The contract covers construction of the route up to the railbed in both at-grade and elevated areas, as well as relocating four miles of existing freight tracks, crossings for waterways and wildlife, and some road overpasses to carry traffic over the new line.
Once a contract is executed, it will extend work being done by construction teams that have contracts for nearly 100 miles of rail line in the San Joaquin Valley, stretching from Avenue 17 northeast of Madera to the Tulare-Kern county line.
The first contract, for just under $1 billion, was awarded in mid-2013 to Tutor Perini/Zachry/Parsons for a 29-mile segment from Madera to the south edge of Fresno. The second contract, for about $1.4 billion, was awarded a year ago to Dragados/Flatiron, a joint venture of two construction firms, and covers about 65 miles from American Avenue south of Fresno to the Tulare-Kern county line.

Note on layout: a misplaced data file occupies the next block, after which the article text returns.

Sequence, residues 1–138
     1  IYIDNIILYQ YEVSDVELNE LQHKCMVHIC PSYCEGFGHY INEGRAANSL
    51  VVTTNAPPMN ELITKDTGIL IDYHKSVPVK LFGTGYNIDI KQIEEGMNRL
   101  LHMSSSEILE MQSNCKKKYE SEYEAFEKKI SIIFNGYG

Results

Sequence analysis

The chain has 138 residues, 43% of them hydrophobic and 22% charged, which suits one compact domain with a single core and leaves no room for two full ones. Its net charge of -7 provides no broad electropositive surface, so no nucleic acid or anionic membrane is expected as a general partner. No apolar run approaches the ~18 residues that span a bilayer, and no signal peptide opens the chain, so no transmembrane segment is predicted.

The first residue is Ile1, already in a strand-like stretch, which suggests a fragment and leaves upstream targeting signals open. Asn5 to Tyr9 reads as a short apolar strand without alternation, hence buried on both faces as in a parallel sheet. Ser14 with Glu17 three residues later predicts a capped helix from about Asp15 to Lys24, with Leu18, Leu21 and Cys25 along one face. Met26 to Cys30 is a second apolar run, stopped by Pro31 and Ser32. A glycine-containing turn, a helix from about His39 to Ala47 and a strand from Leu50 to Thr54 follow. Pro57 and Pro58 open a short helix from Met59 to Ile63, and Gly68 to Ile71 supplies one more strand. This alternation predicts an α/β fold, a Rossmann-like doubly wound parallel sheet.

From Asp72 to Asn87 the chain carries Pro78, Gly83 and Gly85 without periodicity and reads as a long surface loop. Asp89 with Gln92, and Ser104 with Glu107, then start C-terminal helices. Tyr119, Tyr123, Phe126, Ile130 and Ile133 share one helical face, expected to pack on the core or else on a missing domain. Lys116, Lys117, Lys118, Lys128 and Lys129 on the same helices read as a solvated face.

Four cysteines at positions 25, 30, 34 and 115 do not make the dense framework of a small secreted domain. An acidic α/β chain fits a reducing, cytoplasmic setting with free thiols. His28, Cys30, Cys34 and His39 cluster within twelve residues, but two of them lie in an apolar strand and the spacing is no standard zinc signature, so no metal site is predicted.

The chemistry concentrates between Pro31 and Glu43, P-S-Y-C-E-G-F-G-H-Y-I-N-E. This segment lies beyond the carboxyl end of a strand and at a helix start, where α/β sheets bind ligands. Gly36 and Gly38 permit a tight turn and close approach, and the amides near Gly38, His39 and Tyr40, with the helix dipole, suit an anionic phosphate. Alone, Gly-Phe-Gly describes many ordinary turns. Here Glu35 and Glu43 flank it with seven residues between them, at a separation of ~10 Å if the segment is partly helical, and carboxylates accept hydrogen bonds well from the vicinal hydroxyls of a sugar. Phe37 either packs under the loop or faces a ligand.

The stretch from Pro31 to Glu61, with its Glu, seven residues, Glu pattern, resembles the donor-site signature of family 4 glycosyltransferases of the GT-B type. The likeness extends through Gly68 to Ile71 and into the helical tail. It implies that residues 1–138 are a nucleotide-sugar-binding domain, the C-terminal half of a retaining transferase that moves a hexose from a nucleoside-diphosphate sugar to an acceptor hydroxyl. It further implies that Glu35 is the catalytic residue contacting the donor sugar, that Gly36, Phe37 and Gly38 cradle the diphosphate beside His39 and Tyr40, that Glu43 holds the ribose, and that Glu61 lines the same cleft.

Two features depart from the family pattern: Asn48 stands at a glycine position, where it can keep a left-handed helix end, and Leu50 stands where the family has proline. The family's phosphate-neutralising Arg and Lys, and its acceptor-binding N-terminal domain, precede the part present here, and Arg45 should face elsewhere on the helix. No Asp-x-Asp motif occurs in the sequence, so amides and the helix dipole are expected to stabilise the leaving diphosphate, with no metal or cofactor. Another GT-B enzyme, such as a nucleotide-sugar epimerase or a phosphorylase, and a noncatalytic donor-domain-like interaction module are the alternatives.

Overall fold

Construction will start later this year on the second contract south of Fresno. Work is under way on the Fresno-Madera segment, but is running well behind the original schedule. Scott Jarvis, the rail authority’s chief engineer, said delays in buying or acquiring the land needed for the railroad right of way has meant slow progress.
But, he added, the authority is slowly catching up on delivering the land needed by the contractor for substantial construction to happen.
We are getting to a point where we have a critical mass to start construction at multiple locations (in the Fresno-Madera area).